Arrestin-clan proteins are folded alike, a feature responsible for their recent grouping in a single clan. In human, it includes the well-characterized visual and beta-arrestins, the arrestin domain-containing proteins (ARRDCs), isoforms of the retromer subunit VPS26, and DSCR3, a protein involved in Down syndrome. A new arrestin-fold-predicted protein, RGP1, described here may join the clan. Unicellular organisms like the yeast Saccharomyces cerevisiae or the amoeba Dictyostelium discoideum harbor VPS26, DSCR3, and RGP1 isoforms as well as arrestin-related trafficking adaptors or ADCs, but true arrestins are missing. Functionally, members of the arrestin clan have generally a scaffolding role in various membrane protein trafficking events. Despite their similar structure, the mechanism of cargo recognition and internalization and the nature of recruited partners differ for the different members. Based on the recent literature, true arrestins (visual and beta-arrestins), ARRDCs, and yeast ARTS are the closest from a functional point of view.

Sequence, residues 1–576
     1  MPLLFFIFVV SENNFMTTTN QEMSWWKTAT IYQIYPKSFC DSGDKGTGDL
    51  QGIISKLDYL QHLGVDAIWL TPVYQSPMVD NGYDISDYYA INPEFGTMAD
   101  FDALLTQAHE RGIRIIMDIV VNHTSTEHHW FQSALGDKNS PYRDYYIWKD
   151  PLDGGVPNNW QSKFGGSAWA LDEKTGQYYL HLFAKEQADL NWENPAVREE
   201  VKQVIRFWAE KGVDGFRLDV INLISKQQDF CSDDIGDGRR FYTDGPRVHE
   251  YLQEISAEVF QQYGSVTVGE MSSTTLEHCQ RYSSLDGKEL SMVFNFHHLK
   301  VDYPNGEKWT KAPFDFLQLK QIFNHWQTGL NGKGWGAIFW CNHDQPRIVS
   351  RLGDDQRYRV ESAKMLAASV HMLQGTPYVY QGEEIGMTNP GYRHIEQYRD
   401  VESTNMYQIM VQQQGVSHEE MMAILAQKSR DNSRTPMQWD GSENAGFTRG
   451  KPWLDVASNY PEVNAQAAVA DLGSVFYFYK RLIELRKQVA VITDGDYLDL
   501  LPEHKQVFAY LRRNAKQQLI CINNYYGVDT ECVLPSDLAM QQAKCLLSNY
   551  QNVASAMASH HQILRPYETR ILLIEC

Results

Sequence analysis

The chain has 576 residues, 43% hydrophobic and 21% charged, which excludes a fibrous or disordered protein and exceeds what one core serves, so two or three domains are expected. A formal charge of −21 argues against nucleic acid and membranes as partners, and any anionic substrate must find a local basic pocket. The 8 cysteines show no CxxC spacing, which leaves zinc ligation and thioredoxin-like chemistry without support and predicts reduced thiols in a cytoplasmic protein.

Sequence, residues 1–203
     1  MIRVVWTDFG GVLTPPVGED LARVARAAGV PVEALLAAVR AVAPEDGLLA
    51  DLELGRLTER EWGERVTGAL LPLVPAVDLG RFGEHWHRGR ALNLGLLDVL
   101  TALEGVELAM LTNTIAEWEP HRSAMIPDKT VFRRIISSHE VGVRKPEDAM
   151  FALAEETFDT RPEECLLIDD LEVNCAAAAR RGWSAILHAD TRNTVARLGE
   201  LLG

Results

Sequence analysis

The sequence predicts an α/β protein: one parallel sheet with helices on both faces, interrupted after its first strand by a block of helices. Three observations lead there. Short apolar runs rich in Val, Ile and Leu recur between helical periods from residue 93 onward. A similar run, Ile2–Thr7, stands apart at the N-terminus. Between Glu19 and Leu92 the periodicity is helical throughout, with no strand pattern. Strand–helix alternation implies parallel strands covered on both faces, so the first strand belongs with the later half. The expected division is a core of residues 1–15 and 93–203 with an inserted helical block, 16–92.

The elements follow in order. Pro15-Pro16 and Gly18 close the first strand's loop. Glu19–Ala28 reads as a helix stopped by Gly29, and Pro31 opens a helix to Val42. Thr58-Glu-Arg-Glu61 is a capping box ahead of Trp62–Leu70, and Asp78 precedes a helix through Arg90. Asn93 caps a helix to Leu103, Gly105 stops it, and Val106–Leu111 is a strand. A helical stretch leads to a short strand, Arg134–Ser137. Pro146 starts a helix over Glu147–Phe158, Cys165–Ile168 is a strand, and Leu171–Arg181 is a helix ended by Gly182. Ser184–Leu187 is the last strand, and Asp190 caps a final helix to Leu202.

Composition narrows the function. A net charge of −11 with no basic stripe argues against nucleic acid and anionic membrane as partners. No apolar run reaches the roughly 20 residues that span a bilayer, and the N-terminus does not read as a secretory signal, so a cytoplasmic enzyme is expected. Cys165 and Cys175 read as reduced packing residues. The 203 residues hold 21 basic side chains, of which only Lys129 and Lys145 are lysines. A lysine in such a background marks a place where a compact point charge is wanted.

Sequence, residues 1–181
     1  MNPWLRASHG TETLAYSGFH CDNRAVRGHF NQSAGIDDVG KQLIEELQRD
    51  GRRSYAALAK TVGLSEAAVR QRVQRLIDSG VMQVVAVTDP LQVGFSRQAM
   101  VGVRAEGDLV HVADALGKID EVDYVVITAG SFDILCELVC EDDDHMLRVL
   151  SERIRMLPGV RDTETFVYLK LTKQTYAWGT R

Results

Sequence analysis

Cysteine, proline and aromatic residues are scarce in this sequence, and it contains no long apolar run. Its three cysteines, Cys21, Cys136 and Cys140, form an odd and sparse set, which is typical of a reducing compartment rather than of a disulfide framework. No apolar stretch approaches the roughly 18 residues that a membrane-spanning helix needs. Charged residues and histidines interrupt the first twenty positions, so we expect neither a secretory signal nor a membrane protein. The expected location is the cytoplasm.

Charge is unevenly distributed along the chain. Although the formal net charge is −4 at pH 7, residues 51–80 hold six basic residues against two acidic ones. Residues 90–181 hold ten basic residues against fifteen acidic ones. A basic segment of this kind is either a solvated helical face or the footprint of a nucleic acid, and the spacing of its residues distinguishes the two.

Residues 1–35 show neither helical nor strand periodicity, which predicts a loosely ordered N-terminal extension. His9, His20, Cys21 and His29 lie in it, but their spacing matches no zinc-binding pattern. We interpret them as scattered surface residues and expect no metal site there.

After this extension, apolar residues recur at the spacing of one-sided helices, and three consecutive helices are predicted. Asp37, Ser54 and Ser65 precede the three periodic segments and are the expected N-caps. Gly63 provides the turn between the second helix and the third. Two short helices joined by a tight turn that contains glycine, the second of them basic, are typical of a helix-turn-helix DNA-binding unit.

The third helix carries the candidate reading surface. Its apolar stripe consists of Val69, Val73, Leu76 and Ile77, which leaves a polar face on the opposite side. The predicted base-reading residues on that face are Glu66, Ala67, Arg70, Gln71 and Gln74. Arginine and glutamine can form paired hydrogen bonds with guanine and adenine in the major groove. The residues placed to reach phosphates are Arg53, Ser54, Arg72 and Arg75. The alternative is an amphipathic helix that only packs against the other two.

|Evidence ID||Analyze ID||Interactor||Interactor Systematic Name||Interactor||Interactor Systematic Name||Type||Assay||Annotation||Action||Modification||Phenotype||Source||Reference||Note|
|Evidence ID||Analyze ID||Gene||Gene Systematic Name||Gene Ontology Term||Gene Ontology Term ID||Qualifier||Aspect||Method||Evidence||Source||Assigned On||Reference||Annotation Extension|
|Evidence ID||Analyze ID||Gene||Gene Systematic Name||Phenotype||Experiment Type||Experiment Type Category||Mutant Information||Strain Background||Chemical||Details||Reference|
|Evidence ID||Analyze ID||Regulator||Regulator Systematic Name||Target||Target Systematic Name||Experiment||Conditions||Strain||Source||Reference|